The reason these buildings sit in central business districts is…. ahhhh… demand for service. Running separate cables from every office in every building to an undisclosed location would be stupidly expensive.
A 4-8 hour (partial) outage just isn’t worth the buildout costs.
@artem1s: As I mentioned last night, the RW considers this a direct shot at AT&T.
Sure it is just BS, but this is what they believe.
They regularly demonstrate this in public hearings. And to be fair, or more damning, their staff often are just as bad, as you note.
This problem might be compounded by the fact that a lot of tech leaders appear to be kinda “techno libertarians” who believe that you should just take a hands off approach to technology and innovation. This has led to tech people essentially withholding their expertise when it comes to some issues related to regulation, even when they privately agree that there are real problems that should be addressed.
There is also an attitude among some of them that they are technology high priests, above the concerns of the “norms.”
You often see the range of positive and negative attitudes expressed by guest on various tech shows, such as This Week in Tech on the TWIT network, hosted by Leo Laporte and other similar shows.
As a side note, Congress is also thrown off by the fact that the tech industry does not give them as much in campaign contributions as other industries, proportionally speaking. And does not ask for favors to the same degree. As a counterpoint, stuffed into one of the recent relief bills are some favors for the film industry, I believe.
The Moar You Know
Not one cent, even of other people’s money, will be plowed back into existing telecom infrastructure, not until every dime of their expenses is paid for by taxpayers and they are granted a complete liability shield.
For a great example, look no further than California’s own SDG&E and PG&E. Not one dime for improvements – and they’ve said this overtly – until all their expenses are paid by the public (including any improvements) and they’re immune from all lawsuits. This is the model going forward for all utilities.
1) The [furnace/refrigerator/washer/insert major appliance of choice} will crap out on weekends or holidays.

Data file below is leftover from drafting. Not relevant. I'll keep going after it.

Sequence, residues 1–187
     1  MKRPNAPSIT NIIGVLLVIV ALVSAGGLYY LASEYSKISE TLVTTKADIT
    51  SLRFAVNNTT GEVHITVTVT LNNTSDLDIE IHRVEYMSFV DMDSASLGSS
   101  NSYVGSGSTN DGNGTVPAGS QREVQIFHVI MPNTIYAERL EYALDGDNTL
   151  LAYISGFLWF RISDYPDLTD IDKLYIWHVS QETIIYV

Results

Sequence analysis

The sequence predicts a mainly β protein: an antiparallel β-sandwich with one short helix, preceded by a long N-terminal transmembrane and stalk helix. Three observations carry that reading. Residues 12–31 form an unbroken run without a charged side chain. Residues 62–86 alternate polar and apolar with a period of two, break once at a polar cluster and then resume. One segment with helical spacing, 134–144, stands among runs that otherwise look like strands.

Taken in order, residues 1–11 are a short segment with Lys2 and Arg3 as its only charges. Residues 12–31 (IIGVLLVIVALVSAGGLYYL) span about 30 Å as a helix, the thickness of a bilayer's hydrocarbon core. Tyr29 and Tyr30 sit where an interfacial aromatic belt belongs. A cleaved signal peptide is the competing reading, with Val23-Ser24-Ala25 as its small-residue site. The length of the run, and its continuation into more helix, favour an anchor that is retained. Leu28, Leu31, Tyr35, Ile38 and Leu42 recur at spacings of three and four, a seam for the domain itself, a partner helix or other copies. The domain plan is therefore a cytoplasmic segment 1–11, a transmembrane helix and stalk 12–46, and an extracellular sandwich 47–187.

2) Telecommunication legislation will lag a minimum of one generation behind technological advance.
Local services are tariffed and uptime requirements are monitored but there wasn’t enough downtime to even get customers refunds.
Functionally this was the equivalent of a jackass with a backhoe.
J R in WV
The AT&T switch building in CRW — Charleston, WV, is at least 14 stories high, in a community of around 46,000 Also state capital, Kanawha county seat. V few windows of any sort, I counted stories/windows in an older bank building next door to estimate it’s height. Big generator set on the roof, CAT engine, lots of A/C equipment too.
Kanawha county, a fairly large land area, has 178,000 population. I know of several smaller phone company switches in the metro area, brick buildings with no windows, 2 or 3 stories, but the downtown switch building dwarfs those facilities.
@Brachiator: All good/valid points. I’m not sure what to do here; bring in outside experts to help craft specific legislation? Look to non-profits to help coordinate this? I’m just not sure.
@The Moar You Know: pretty much this; it should be asked why they haven’t done infrastructure upgrades, but it’s the same as why rural communities don’t have high speed access: there’s no profit in it, so they won’t do it.
@NotMax: might as well chisel it on stone and throw it up in every court house :)
So the first time I was stationed at Shaw AFB, I was part of base communications. We took care of airfield communications equipment. Included with that was all the radar equipment (separate career field from mine, the radar guys). That radar equipment was vital stuff as without it the fly boys couldn’t do their thing. And anything that stopped flying was considered beyond a mortal sin. So one day the civil engineering boys were out digging near the radar facility for some project. The spot they were digging, there was a tree nearby. As they were digging, they hit something. Seeing the tree nearby they assumed it was roots. “Keep going!” was the command. So they kept on. Unbeknownst to them, they just severed the main fiber bundle for the base radar. All the scope dopes (air traffic controllers) radar inside the facility went blank at the same time. There was a lot of traffic in the air at the time.
Back outside, feeling good about themselves for having gotten through the “roots”, the CE boys kept going. They hit another obstacle. This time, this obstacle responded by shooting a 50ft geyser of water into the air. They had just hit one of the main water lines. Work immediately stopped. Eventually water was shut off, the hole was drained, and seeing how this was near the end of the day, the civilian contractors who maintained this stuff (fiber repair work) were called out. They made time and half on that job. I think the bill to repair that 200 pair bundle was in the mid-to-high 6 figures. This incident, along with two others specifically involving us radio guys, led to the CE commander being fired, along with several other civilians being fired. But that 50ft geyser of water is still one of the funniest things I’ve ever seen.
All you ever wanted to know about the AT&T microwave routes…from sixty years ago.